Psycho II appears in an aspect ratio of approximately 1.85:1 on this Blu-Ray Disc. I thought the transfer was satisfactory but not better than that.
Some of the problems stemmed from sharpness, which tended to be erratic. Exteriors and well-lit shots offered pretty good delineation, but interiors and lower-light elements lacked the expected definition; matters could become downright soft at times. Still, the majority of the flick showed pretty positive clarity, and I witnessed no issues with shimmering or jaggies. Neither edge haloes nor digital noise reduction interfered, but I saw occasional print flaws. These weren’t heavy, but periodic specks and marks appeared.
In terms of colors, Psycho II tended toward an earthy palette that looked decent. At times the hues seemed a bit heavy, but they were usually reasonably vivid. Blacks were acceptably dark, while shadows were okay; again, low-light elements could seem somewhat dense. This was a dated but watchable presentation.
I felt the same about the movie’s DTS-HD MA 5.1 soundtrack. It opened up the spectrum in a fairly positive manner, with decent spread for the music and a moderate amount of effects information from the sides. We got some directional speech as well, and the surrounds fleshed out the material in a moderate manner. None of this broadened the imaging in a dynamic way, but it seemed satisfactory.
Audio quality tended to show the film’s age, however. Speech remained intelligible but could be somewhat edgy and reedy. Music was pretty good; the score didn’t boast great dynamics, but it remained fairly full. Effects lacked much impact, however, as those elements sounded a bit thin and lackluster. Given the movie’s age, I felt this was a mix that merited a “C+“.
When we move to the set’s extras, we open with an audio commentary from writer Tom Holland. Along with moderator/interviewer Robert Galluzzo, we get a running, screen-specific look at story/character/script areas, connections to the original film, cast and performances, sets and locations, and other production notes.
At its best, this is a passable commentary but no more – and it’s often not at its best. The biggest concern comes from Holland’s less than reliable memory, as he throws out quite a few goofs and head-scratchers along the way. Holland believes sequels rarely appeared back in 1983, which is kind of nuts; five of the year’s top 12-grossing movies were sequels, and that leaves off “notables” like Jaws 3 and Porky’s 2.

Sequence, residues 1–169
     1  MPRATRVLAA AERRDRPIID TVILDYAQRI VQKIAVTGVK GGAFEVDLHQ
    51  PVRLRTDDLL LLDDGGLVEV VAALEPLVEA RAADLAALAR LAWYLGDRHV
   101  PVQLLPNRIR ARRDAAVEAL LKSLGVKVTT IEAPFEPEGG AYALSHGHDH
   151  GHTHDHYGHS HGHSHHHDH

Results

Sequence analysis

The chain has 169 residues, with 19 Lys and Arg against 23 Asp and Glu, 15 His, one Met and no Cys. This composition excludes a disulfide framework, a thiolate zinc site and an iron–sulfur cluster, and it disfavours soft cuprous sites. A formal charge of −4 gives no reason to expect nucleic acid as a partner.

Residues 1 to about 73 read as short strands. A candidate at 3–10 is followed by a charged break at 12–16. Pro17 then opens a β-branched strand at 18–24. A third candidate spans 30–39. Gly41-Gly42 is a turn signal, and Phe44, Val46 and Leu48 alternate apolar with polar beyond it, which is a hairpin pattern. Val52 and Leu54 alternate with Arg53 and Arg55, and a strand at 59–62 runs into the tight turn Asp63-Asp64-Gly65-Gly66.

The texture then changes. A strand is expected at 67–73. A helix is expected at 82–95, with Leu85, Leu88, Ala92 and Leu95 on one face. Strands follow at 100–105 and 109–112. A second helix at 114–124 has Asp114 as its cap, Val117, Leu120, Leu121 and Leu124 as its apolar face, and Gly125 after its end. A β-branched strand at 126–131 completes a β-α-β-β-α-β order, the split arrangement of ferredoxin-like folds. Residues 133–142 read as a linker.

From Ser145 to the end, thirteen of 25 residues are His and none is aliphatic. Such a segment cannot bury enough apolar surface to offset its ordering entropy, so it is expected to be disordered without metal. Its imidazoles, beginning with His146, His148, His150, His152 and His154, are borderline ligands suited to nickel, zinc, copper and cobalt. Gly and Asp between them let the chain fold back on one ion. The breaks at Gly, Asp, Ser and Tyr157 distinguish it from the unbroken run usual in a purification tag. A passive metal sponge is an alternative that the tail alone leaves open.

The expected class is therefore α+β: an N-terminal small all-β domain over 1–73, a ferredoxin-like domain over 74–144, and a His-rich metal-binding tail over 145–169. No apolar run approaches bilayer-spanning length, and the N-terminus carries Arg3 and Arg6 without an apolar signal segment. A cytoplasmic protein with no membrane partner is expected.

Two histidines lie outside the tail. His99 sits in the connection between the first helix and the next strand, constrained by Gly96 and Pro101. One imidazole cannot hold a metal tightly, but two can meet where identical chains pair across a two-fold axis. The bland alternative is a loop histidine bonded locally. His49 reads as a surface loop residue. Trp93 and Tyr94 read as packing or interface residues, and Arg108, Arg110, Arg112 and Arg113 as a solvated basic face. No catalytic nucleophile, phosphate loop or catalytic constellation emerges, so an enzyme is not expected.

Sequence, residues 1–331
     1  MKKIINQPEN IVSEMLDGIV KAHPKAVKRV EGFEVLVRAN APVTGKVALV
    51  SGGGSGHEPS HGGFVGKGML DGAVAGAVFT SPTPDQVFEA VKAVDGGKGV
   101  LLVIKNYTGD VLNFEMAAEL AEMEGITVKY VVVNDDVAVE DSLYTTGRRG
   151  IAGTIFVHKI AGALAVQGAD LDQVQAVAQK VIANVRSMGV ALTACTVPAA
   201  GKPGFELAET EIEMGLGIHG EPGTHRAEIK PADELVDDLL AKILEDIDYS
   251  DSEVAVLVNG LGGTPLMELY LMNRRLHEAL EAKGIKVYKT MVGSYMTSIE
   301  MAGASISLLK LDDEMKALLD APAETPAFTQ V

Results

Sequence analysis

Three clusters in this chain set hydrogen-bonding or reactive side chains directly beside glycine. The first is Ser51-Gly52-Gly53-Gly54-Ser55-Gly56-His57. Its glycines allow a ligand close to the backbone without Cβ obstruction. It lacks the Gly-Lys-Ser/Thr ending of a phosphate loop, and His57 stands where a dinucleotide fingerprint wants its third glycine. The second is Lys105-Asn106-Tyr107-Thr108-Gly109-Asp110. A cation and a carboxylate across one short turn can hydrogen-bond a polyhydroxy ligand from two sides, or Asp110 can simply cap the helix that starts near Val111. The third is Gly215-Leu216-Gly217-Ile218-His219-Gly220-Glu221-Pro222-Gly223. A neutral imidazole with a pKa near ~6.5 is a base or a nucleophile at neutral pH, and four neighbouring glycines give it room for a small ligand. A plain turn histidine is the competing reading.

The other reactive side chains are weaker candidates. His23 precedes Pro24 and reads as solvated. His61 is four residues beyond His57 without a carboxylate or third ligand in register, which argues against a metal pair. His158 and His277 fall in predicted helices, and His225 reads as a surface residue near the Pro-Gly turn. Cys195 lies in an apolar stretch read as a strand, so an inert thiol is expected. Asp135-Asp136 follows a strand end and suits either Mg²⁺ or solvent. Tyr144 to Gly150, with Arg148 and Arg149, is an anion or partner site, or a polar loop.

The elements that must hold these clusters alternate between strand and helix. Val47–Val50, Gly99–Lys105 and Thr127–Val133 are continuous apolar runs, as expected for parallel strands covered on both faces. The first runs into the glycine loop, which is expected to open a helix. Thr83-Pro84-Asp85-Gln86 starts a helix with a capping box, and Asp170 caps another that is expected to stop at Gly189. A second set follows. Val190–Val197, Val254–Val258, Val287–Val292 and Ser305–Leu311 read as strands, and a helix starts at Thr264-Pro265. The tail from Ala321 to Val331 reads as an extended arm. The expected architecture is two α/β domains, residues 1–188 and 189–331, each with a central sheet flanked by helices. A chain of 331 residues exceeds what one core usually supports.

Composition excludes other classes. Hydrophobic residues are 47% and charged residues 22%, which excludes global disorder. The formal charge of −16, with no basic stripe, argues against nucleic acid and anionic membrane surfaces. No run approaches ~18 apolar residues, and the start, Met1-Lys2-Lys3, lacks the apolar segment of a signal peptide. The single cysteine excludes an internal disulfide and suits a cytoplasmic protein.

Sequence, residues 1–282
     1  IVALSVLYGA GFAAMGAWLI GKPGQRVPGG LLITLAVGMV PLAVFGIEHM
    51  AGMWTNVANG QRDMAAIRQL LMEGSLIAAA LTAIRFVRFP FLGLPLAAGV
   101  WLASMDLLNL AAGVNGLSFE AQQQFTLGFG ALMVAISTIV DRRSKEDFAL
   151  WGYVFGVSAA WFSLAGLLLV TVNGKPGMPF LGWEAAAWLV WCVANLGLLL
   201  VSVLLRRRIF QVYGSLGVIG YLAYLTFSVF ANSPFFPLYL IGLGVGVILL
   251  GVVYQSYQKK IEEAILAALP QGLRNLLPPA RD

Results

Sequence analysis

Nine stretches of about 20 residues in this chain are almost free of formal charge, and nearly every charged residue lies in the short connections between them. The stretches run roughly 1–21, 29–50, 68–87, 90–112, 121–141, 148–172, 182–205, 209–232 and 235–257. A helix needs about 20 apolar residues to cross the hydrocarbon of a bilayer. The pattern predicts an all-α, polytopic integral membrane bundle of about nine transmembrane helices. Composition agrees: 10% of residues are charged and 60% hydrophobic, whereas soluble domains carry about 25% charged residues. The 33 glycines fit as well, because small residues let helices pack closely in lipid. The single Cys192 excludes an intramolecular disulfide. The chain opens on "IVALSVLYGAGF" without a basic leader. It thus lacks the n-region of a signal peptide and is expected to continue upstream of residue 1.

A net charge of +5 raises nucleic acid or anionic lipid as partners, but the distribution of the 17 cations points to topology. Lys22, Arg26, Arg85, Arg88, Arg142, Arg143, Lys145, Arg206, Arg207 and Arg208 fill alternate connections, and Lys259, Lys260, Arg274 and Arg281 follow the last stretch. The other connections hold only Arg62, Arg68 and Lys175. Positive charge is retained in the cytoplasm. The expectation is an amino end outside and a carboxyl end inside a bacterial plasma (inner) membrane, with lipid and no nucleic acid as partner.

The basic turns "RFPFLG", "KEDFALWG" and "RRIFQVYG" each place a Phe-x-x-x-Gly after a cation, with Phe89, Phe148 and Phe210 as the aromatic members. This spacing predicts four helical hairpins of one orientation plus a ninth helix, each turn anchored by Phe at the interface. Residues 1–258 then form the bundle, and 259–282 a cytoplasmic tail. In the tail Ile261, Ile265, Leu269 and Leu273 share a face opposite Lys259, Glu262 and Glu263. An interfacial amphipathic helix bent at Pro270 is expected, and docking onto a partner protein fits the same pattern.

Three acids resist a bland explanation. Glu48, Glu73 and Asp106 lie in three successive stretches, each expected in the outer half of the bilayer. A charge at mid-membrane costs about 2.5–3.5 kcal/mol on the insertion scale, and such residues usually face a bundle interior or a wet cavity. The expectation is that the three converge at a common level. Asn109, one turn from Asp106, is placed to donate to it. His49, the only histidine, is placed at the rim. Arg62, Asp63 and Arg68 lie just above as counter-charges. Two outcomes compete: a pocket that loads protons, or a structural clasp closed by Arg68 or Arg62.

Holland also describes Psycho II as the year’s “biggest movie” and an enormous hit. Granted, it certainly made a profit, but its US gross of $34 million only landed it at number 20 for 1983. That left it a mere $212 million behind the year’s actual “biggest movie”, Return of the Jedi.
And so it goes. Holland tells us the Universal Studios tour was new in 1982; it’d been around for decades. He constantly refers to Psycho’s female lead as “Norma Crane”. These errors make it tough to accept his other statements as fact; if he can get so many simple topics wrong, how can we trust the rest of his comments?
Even if we don’t question Holland’s memory, the track seems lackluster. There’s just not a lot of meat to be found, as Holland and Galluzzo praise the film and its participants more than anything else. A smattering of decent notes emerge but this remains a bland chat.
Under Cast and Crew Interviews, we find a 35-minute, 21-second “electronic press kit”. It involves notes from director Richard Franklin, producer Hilton Green, executive producer Bernard Schwartz, Universal president Sid Sheinberg, and actors Janet Leigh, Vera Miles, and Anthony Perkins. We get notes about cast and crew, story/character issues and the challenges related to a sequel, sets and locations, and other production topics.
The show remains pretty promotional in nature – with lots of movie footage - so don’t expect much substance from it. Plus, the source tape is in rough shape, so we get dropouts and glitches along the way. The show’s mildly interesting for archival purposes but it lacks informational value.
In addition to two trailers and four TV spots, we find a still gallery. It shows 77 images; we get a mix of production shots, promotional elements, and behind the scenes photos. These add up to a fairly interesting set.
The disc also offers an audio-only option for Cast and Crew Interviews. It offers notes from Perkins, Miles, Franklin, and Leigh, we also get older comments from filmmaker Alfred Hitchcock. Rather than give us one long program, we find a bunch of short radio spots; these finish around the movie’s 15:35 mark.
I don’t understand why the disc’s producers gave us these ads as accompaniment to the movie; they would’ve been better off on their own, mostly because the set doesn’t make it clear they’re done, so we may let the film run in hopes we’ll hear more.
Not that we’ll have particularly great hopes for that possible continuation, as the segments don’t offer much of interest. Some clips regurgitate material from the video EPK, and even the “new” material is pretty bland. As with the EPK, this is a decent addition for archival reasons, but it presents few useful moments.
After 23 years, Psycho finally got a sequel – and it didn’t remotely live up to its predecessor. While I can’t call Psycho II a truly bad film, I think it lacks any real strengths and it doesn’t advance the characters or narrative in a positive manner. The Blu-ray offers average picture and audio along with average bonus materials. Psycho II comes with some promise but it fails to deliver an interesting take.